What influences FX markets?
Hello, my name’s Ollie Pryke from Barclays’ Corporate bank foreign exchange team. Today we’re going to look at what drives foreign exchange rates.
As you can see from the slide, you can split it up into four main areas. These are: geopolitical events, economic fundamentals, market flows and finally technical analysis. We’ll have a chat through some key points in a bit more detail now.
If we look at geopolitical events, essentially markets don’t like uncertainty or factors that impact the stability of an economy. Recently, the FX markets have seen a lot of political unrest, with Britain’s EU referendum and the subsequent change in Prime Minister causing a sharp depreciation in Sterling. This has been followed by a period of uncertainty with a prolonged negotiation process expected.
In Europe, we have seen a rise in populist parties and with key general elections in 2017, these events pose a risk to the political stability of the area and the value of the euro. In the US, we have seen a rise in nationalism, driving an unexpected Presidential election result, and the ensuing protectionist policies may well impact global growth whilst having implications in foreign exchange markets too.
If we now consider economic fundamentals, the most important economic fundamental for FX markets has been interest rates. In a world where major economies’ interest rates remain at historically low levels, the market is looking at central banks for signs of which economic area looks set to raise rates next and the relative rate hike path of each one. Given that, inflation and unemployment reports are really significant as the strength of these will lead to potential tightening of monetary policy in these regions.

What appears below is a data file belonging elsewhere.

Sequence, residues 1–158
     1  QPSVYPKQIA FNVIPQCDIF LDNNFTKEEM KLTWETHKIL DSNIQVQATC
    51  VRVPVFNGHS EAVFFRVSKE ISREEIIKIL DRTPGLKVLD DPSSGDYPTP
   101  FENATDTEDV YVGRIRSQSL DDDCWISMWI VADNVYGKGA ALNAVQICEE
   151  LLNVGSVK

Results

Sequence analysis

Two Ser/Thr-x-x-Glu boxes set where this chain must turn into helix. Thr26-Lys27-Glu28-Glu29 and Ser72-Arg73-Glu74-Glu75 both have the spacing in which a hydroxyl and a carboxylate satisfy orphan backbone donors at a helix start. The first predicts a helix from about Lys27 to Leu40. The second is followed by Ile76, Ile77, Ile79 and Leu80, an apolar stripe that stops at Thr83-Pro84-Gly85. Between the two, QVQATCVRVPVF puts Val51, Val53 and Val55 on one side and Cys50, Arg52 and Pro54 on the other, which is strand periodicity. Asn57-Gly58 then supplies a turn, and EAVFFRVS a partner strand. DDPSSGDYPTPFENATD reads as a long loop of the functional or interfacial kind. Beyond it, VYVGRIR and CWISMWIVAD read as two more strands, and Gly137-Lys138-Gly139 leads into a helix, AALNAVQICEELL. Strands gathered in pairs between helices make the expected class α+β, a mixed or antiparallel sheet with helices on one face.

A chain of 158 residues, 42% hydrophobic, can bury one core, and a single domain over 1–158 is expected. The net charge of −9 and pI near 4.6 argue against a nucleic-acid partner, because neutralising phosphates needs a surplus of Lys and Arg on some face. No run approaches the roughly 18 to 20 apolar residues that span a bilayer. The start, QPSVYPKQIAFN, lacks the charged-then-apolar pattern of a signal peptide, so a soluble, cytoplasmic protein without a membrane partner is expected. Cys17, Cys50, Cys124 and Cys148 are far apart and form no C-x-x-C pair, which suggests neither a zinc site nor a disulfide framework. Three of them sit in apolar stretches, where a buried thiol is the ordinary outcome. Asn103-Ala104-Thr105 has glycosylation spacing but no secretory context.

Elsewhere, the balance of payments – particularly in oil exporting nations – has been key. With the continued pressure on oil price, a lot of commodity exporting currencies have weakened significantly.
Currency markets are driven by flows from one currency and into another. This can be particularly important in risk-off scenarios where investors’ money floods to safe-haven currencies. In FX terms, that generally means a strengthening of the US Dollar as we have seen after the recent US election result.
Mergers and acquisitions activity also impacts FX markets, given the effects on supply and demand they have, particularly at the jumbo-transaction level.
Thank you for listening, if you want any more information please contact your Relationship Director or your usual FX contact at Barclays or visit barclayscorporate.com.